Our mission is to create opportunities for people to engage with dance as audience members and participants, centering queerness and countering the many ways LGBTQIA+ people are underserved in traditional dance spaces.
Dancing Queerly provides queer-centric dance events for students, professionals, audience members, and enthusiasts. Dancing Queerly gives LGBTQIA+ dancers and dancemakers the opportunity to create and perform for an LGBTQIA+ centered audience.
ABOUT DANCING QUEERLY
“Dancing Queerly” is founded and directed by Maggie Cee and J Michael Winward.
J Michael Winward is an independent dance artist based in Boston. He is the founding director of Steps in Time™, a program that brings adaptive ballroom dance classes and parties to assisted living and memory care communities throughout Greater Boston. A regular collaborator with Peter DiMuro/Public Displays of Motion (PDM), Michael works to advance the PDM mission of cultivating dance/arts literacy, advocacy and engagement.
Michael's solo performances blend movement and memoir. Weaving back and forth between linear and nonlinear expression, they explore a variety of topics: coming of age, institutional injustice, and the politics of being oneself.
"J Michael Winward’s Hail Mary, Cha cha cha! presented a funny and poignant look at being a queer Catholic teenager...Winward is a strong performer with terrific timing and considerable presence." -Jessica Lockhart, Artsfuse
Maggie Cee is an artist, activist, dancer, writer, and educator committed to community and social change. She is the founder and artistic director of “The Femme Show,” a ground-breaking touring variety show about queer femme identity and femininity.
Maggie's current solo performance practice combines dance with oral history. Her most recent work, "“Ladies at a Gay Girls' Bar, 1938-1969” premiered at Dancing Queerly, 2018. In it, she illuminates the experiences of queer fem women, as they navigate the underground, American, gay bar scene of the mid-20th century.
In 2018 she received an aMASSiT choreography fellowship from the Dance Complex, was a Creator-in-Residence at Earthdance, and received a New England Dance Fund Grant. Maggie is the 2011 recipient of the History Project’s Lavender Rhino Award for an emerging LGBT history maker. She was featured in the Advocate magazine’s 2006 “Future Gay Rights Leaders.”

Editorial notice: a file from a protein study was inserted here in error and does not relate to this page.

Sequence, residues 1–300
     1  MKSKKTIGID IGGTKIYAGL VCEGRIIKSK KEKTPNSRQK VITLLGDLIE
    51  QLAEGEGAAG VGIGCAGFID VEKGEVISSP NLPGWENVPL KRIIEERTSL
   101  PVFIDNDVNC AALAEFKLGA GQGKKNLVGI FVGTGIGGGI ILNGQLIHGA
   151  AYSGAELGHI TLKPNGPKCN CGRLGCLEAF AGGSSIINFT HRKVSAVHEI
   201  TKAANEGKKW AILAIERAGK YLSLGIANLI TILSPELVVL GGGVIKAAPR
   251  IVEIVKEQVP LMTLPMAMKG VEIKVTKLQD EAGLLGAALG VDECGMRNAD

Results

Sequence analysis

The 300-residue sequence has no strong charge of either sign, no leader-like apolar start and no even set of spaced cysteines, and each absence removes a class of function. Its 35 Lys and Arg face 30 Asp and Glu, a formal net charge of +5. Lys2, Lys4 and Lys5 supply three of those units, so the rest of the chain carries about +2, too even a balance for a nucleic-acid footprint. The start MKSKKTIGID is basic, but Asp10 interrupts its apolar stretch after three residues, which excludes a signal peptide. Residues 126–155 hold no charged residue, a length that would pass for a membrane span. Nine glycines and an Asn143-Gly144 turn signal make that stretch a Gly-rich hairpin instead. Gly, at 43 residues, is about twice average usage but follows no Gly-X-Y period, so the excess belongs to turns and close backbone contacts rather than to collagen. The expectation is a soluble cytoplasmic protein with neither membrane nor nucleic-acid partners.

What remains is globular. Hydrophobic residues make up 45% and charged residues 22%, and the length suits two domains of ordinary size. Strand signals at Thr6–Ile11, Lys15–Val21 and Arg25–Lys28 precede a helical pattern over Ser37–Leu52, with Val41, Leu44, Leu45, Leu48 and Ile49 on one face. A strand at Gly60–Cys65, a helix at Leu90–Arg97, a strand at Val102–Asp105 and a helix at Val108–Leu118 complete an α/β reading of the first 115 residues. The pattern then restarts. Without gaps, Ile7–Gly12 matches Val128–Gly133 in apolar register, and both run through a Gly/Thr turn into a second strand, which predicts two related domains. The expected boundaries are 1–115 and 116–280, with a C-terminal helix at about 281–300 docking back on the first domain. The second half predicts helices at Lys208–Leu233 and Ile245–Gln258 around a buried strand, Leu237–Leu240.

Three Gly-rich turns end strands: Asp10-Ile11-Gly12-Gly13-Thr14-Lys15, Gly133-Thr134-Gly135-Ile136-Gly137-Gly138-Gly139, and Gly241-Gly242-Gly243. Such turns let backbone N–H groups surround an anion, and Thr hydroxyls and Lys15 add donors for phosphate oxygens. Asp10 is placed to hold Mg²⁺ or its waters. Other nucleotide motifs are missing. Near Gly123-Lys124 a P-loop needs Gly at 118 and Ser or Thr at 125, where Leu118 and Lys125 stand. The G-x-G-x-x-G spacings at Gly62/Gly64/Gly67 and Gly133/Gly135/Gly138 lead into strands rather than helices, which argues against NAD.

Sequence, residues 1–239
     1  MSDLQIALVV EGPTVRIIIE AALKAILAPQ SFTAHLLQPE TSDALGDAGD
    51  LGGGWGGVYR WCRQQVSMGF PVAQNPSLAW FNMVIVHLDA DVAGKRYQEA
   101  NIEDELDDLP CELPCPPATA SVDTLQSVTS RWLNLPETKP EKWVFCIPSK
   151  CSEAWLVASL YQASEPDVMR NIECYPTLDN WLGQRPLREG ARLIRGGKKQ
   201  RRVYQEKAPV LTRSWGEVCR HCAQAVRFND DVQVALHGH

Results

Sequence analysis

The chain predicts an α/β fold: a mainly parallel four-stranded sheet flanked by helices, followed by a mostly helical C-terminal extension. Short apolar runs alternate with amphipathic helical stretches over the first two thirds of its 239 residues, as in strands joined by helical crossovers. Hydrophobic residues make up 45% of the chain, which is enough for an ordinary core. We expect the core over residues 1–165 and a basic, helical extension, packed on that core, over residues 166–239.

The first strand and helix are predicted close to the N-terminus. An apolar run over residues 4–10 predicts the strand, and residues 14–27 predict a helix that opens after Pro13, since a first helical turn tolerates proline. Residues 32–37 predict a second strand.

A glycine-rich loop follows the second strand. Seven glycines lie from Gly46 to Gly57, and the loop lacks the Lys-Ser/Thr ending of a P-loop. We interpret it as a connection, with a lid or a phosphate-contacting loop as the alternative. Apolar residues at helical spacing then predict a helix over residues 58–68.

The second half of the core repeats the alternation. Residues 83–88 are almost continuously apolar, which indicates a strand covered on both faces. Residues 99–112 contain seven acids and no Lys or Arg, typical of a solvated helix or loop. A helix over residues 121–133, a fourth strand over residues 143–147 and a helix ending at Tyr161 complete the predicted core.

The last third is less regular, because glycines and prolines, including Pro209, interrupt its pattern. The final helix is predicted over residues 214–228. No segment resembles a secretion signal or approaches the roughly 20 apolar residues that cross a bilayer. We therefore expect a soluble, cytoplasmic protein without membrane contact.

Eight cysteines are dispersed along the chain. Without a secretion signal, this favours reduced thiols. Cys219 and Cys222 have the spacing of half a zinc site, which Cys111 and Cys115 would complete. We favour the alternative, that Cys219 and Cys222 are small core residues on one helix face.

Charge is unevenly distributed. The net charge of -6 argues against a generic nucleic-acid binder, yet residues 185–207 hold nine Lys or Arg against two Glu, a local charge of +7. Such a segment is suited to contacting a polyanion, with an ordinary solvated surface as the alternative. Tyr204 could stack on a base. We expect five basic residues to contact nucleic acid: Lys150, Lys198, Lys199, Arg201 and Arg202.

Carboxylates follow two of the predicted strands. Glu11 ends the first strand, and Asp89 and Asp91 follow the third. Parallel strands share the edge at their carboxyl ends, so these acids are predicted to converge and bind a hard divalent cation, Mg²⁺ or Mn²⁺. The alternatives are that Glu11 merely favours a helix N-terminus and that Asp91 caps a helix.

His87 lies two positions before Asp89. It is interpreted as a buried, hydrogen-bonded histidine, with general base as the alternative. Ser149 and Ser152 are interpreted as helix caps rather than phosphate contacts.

We, the co-producers of Dancing Queerly, wholeheartedly and without reservation, support the members of the Boston Pride Committee and Black & Latinx Pride Committee who are calling for the resignation of the Boston Pride Board and real, proactive change to serve the Boston LGBTQIA+ community. https://docs.google.com/…/1eLBM08-TnCT1GwoTkhto…/mobilebasic
We cannot stand by while an organization that claims to be “listening” to Black activists and community members betrays our trust by announcing a meeting with police. Black and POC organizers have been asking for change from Pride since (at least) 2015.
At this moment, LGBTQ organizations need to be amplifying the demands of local organizers of color who are calling for major redistribution of our city budget away from racist policing & control. LGBTQ organizations need to use our voices and platforms to support these BIPOC-led organizations in organizing to get Boston to shift money to instead invest in what most-impacted communities of color have been requesting for years: funding for housing, health care, mental health support, schools, and jobs with dignity. We support the urgent call to defund the police and encourage you to learn about work by local organizations like Families for Justice as Healing.
Today we are removing Boston Pride’s logo from this weekend’s videos. As planned, all the money we received from the Boston Pride Community Foundation is going directly to artists appearing in this weekends’ programming.
As white organizers we recognize the ways our complacency and silence has allowed Pride to continue brushing the real concerns of Black and POC organizers aside. We apologize. At one time, accepting grants from the Boston Pride Community Foundation and using their funds to pay artists for our scrappy little festival felt like a redistribution of resources that was aligned with our values. In mid-April, offering Boston Pride co-sponsorship of our 2020 virtual events in exchange for publicity and a spot on the official pride calendar seemed like a win-win, furthering our mission by spreading the word about Dancing Queerly further than we ever could on our own. The Boston Pride Board’s actions & continued ignorance make it clear that we can no longer be affiliated with their organization without radical change that centers BIPOC LGBTQ people’s self-identified needs & demands.
We vow to continue our work towards centering Black voices in queer dance. If you join us for any of our events, we hope they nurture your spirit and fuel your sense of justice. Our programming is free and available for the next week. If you want to spend your Friday night at a protest or vigil, or if you want to celebrate Juneteenth with a different live program, you can register for free and watch the live recordings later*.
*Instructions: you can register on eventbrite for both events until June 28 at 11:30 PM.The programs will be visible to view until 9:00 AM on Monday, June 29.